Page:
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Watch How One of the World’s Most Expensive Bowls of Soup Is Made

Why this Taiwanese specialty will set you back $320.

In Taiwan, beef noodle soup is practically the national dish. Beef bones, meat and tendon simmer for hours, combined with an array of spices and aromatics to create a deeply flavored broth that’s served with wheat noodles. Delicious versions proliferate Taiwan for as little as $6. But there’s a father-son duo in Taipei city making a version that will set you back 10,000 Taiwanese New Dollars (TWD) or roughly $320 for just one bowl.

Wang Sung Yuan opened Niu Ba Ba back in 1990 and had in his mind the idea of creating the world’s best beef noodle soup. What really differentiates one version from another is the quality of beef a restaurant starts with. Wang and his son Eric Wang Yiin Chyi, who now runs the restaurant with his dad, serve multiple versions of the soup, ranging from a $16 take all the way up to their Presidential Noodle Soup, that will set you back what a lot of Michelin three-star restaurants charge for an entire tasting menu.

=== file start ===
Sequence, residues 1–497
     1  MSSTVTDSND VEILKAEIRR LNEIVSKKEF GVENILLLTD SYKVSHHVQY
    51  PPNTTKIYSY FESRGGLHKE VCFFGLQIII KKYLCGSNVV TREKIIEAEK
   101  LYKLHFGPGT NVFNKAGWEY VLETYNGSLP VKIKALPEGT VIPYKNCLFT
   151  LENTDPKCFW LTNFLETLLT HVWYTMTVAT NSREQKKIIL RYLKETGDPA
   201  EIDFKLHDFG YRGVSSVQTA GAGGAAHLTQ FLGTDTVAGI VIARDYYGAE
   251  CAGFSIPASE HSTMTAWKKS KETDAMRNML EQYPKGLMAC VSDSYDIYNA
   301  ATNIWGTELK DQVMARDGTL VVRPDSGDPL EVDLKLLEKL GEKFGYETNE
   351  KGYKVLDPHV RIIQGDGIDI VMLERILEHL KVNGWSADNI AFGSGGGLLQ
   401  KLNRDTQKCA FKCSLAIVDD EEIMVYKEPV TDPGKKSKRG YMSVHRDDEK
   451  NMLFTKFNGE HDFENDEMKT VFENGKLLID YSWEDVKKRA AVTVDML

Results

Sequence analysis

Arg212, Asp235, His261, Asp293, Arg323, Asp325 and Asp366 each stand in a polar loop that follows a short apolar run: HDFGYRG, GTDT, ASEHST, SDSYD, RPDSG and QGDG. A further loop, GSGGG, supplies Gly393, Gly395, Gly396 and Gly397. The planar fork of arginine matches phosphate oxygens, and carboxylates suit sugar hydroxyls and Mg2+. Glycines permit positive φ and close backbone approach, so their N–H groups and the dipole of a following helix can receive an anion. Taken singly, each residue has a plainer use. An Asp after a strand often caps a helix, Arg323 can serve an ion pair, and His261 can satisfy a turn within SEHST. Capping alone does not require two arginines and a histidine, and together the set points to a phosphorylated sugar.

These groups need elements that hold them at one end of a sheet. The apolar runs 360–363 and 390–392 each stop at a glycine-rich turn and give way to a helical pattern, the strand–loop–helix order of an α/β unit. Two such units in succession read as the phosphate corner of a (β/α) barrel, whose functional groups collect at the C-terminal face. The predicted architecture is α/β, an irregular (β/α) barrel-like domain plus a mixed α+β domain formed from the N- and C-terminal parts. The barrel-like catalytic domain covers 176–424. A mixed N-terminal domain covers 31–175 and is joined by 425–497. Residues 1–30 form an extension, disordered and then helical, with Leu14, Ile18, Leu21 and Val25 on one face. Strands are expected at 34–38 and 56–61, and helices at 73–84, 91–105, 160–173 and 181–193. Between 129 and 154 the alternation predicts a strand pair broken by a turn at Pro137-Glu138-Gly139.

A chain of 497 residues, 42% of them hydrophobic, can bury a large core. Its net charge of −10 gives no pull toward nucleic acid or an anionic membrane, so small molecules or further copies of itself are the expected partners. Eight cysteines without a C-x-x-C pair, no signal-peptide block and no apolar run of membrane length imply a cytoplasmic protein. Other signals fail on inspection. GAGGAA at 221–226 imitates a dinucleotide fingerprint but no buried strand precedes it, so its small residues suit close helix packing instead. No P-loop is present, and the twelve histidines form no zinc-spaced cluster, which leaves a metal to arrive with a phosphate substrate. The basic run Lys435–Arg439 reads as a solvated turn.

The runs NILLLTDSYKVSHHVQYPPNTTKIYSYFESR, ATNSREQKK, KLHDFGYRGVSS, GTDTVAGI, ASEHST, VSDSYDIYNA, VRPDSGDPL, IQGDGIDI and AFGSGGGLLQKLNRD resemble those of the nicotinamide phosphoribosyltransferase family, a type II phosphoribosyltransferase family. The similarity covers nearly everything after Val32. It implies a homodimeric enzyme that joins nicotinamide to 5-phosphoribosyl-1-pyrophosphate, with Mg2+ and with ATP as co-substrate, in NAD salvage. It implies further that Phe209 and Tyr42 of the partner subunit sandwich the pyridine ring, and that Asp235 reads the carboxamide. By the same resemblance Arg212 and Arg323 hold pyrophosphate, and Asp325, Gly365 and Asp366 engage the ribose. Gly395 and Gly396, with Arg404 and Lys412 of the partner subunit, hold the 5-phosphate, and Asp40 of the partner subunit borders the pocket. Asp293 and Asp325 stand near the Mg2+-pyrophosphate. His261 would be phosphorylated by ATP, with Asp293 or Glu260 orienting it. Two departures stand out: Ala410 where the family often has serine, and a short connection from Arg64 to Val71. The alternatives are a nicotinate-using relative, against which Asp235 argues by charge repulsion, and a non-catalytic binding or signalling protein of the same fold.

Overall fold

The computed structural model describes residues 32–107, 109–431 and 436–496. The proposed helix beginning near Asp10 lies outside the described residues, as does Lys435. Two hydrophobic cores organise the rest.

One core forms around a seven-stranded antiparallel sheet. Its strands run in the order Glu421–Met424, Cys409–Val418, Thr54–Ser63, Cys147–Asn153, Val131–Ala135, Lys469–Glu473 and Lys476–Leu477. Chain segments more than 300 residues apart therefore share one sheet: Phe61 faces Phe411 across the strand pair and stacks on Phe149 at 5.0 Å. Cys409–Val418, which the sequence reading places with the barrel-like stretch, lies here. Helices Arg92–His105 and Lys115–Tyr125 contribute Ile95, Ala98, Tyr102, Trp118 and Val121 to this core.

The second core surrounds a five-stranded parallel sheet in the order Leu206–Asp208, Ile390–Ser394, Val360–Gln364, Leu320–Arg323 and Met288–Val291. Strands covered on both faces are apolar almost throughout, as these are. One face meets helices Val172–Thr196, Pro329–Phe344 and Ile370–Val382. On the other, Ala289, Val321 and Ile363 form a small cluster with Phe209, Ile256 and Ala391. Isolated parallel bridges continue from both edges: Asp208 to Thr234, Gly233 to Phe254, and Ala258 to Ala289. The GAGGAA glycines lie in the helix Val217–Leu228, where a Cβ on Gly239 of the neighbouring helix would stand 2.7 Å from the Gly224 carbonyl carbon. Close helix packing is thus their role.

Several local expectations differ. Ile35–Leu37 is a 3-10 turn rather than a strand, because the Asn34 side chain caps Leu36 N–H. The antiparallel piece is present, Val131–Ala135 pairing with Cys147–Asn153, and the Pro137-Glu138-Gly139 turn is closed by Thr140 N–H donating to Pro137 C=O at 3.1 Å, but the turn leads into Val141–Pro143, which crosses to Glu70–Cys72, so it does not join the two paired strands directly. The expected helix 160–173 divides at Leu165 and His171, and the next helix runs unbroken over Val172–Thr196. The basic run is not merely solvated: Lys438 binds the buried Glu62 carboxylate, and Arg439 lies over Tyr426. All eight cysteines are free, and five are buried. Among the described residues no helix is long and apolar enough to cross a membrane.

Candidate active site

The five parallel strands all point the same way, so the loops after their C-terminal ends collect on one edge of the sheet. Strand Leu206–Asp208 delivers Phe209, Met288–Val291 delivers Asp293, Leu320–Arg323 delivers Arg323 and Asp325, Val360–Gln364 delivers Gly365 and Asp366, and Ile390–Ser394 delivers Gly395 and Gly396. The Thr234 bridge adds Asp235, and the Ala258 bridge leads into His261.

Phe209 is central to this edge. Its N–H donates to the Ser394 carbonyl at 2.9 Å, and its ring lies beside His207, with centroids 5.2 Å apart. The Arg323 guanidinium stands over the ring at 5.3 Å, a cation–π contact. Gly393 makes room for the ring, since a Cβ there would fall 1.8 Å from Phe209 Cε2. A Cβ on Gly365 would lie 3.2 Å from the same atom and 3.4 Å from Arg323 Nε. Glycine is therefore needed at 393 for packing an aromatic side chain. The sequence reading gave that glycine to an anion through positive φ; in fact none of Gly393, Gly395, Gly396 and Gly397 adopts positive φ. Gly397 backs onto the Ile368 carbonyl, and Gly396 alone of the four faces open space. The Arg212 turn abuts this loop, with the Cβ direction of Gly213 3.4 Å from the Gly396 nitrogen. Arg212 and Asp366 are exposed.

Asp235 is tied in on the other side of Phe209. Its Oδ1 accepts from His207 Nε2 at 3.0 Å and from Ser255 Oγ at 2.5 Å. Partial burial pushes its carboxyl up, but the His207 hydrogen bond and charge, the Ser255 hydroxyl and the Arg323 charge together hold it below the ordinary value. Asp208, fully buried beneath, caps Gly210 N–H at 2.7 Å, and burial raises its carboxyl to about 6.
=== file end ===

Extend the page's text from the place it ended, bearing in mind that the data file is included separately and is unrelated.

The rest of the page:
Niu Ba Ba’s Presidential Noodle Soup uses beef—including luxurious wagyu—imported from Brazil, America, Australia and Japan in its recipe. They start by stir-frying the different cuts and then braising them low and slow, before freezing them overnight. The extremely tender beef is added to a series of different stocks that have each simmered for at least three days. Those stocks are layered in a gilded bowl that, itself, costs $600, then the noodles and beef are added. Depending on how far you dip your spoon down into the bowl, you’ll get a different flavor experience from the stock. In total, the process to make a bowl of soup will take about a week.

The soup wasn’t always so expensive. When Niu Ba Ba first started creating its its Presidential Noodle Soup, there was just a blank place on the menu where the price should be. Wang simply asked people just paid what they thought it was worth, with one person almost dropping $1,000 and another getting out only paying $16. Eventually, they decided they needed to actually set a price, and thus settled on TWD10,000 about a decade ago.


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